Pictures speak more than a thousand words. The opulent, coexistent wildlife that we experienced in incredible Tanzania made us feel rich and joyous in our hearts. It felt like they were demonstrating how we are meant to live harmoniously with nature. I also felt like intruders in the homes of the fauna (did they feel like they were the protagonists of the Truman Show?). However, the non chalant animals and birds went about their business. Often times we found the wild-life standing in uncanny synchrony, as if it was orchestrated by nature to put up a performance for the audience! They would stand still in one place like in the giraffes in the first photograph. They are just there, still...unmoving...staring or thinking...it is hard to tell...they are standing there in perfect harmony.With the sound of the wind, the gentleness of dew drops, and rustling of the leaves, I couldn't help but hear the unpresent symphonies to which the wild life seemed to dance to. The whole scene was nothing short of a poetry and I wanted more and more of it. I don't think any captions are necessary to describe the pictures below so I will let you simply take in the view.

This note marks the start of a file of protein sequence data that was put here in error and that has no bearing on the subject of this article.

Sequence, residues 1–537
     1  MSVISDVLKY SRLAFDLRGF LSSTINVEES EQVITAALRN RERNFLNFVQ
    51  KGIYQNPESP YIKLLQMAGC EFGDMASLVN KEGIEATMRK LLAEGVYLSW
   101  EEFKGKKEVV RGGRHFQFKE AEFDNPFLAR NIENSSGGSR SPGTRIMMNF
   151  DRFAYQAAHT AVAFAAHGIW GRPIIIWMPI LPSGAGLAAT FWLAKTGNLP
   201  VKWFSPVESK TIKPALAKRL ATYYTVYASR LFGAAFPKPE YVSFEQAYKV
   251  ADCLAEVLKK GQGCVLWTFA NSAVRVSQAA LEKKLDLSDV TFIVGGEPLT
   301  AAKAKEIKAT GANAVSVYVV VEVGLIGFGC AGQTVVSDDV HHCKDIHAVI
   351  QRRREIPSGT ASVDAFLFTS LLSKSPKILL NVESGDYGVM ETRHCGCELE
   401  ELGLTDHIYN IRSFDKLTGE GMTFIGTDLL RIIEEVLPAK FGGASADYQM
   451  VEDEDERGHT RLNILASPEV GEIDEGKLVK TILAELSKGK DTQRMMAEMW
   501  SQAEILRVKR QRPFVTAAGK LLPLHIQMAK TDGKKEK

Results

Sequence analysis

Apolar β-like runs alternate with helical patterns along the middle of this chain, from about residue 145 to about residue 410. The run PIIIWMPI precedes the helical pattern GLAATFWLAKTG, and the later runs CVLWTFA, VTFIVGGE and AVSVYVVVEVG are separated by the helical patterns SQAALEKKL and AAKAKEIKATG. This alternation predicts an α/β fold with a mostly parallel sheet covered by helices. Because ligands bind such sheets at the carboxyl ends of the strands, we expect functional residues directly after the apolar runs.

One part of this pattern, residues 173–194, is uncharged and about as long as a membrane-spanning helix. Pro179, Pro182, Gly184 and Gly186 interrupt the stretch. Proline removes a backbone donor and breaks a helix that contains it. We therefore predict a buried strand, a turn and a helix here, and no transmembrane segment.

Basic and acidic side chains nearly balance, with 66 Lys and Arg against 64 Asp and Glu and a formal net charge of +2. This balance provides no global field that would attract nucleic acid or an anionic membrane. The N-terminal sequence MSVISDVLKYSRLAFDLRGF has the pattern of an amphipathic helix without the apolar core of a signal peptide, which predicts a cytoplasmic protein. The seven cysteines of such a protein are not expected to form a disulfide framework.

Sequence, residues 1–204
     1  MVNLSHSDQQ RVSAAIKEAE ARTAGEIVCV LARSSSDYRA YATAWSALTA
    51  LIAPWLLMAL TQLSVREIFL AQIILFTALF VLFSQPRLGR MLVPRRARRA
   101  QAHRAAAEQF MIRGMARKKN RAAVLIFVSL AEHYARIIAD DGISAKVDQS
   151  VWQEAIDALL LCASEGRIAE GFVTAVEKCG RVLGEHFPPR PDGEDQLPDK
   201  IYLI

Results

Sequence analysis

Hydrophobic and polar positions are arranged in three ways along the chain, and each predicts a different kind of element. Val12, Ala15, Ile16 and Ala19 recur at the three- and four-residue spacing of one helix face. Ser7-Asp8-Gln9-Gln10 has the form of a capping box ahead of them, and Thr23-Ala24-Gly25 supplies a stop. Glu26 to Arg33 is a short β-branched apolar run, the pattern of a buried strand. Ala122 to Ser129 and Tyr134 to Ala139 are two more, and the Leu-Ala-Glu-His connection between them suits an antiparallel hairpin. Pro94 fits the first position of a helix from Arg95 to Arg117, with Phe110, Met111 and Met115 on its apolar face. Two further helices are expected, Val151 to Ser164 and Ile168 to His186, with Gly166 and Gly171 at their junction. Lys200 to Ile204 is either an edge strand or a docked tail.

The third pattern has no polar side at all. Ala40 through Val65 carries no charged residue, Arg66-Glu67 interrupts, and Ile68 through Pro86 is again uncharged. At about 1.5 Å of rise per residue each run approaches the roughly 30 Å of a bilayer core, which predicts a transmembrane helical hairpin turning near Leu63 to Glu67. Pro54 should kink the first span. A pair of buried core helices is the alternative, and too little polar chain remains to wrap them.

Tarangire National Park was one of the many parks there. Given it's relatively smaller size, it was easier to see a lot of wildlife upclose in a short amount of time.
Giraffes comfortably roaming around in groups of 3 to 5
Ostrich out on a stroll with it's numerous chicks
This is not a painting!
The Dassie Rat
Bare-Faced-Go-Away Bird (Yes that is indeed it's name!)
Striped bums and beautiful horns of these antelopes were photograph worthy!
A tiny antelope - it is Dik Dik. Only 12-15 inches tall and weighs only 6-13 lbs!
Foxes hidden in the grass getting ready to catch the rooster.
Elephants of Africa are endangered species now. They are at very high risk as they get heartlessly poached for their Ivory tusks which get sold in the blackmarkets to fund terrorist organizations and greed of rich customers. A mind-blowing undercover story was done by National Geographic that can be read here: http://www.nationalgeographic.com/tracking-ivory/article.html
Nitin enjoying the friendly company of a family of elephants.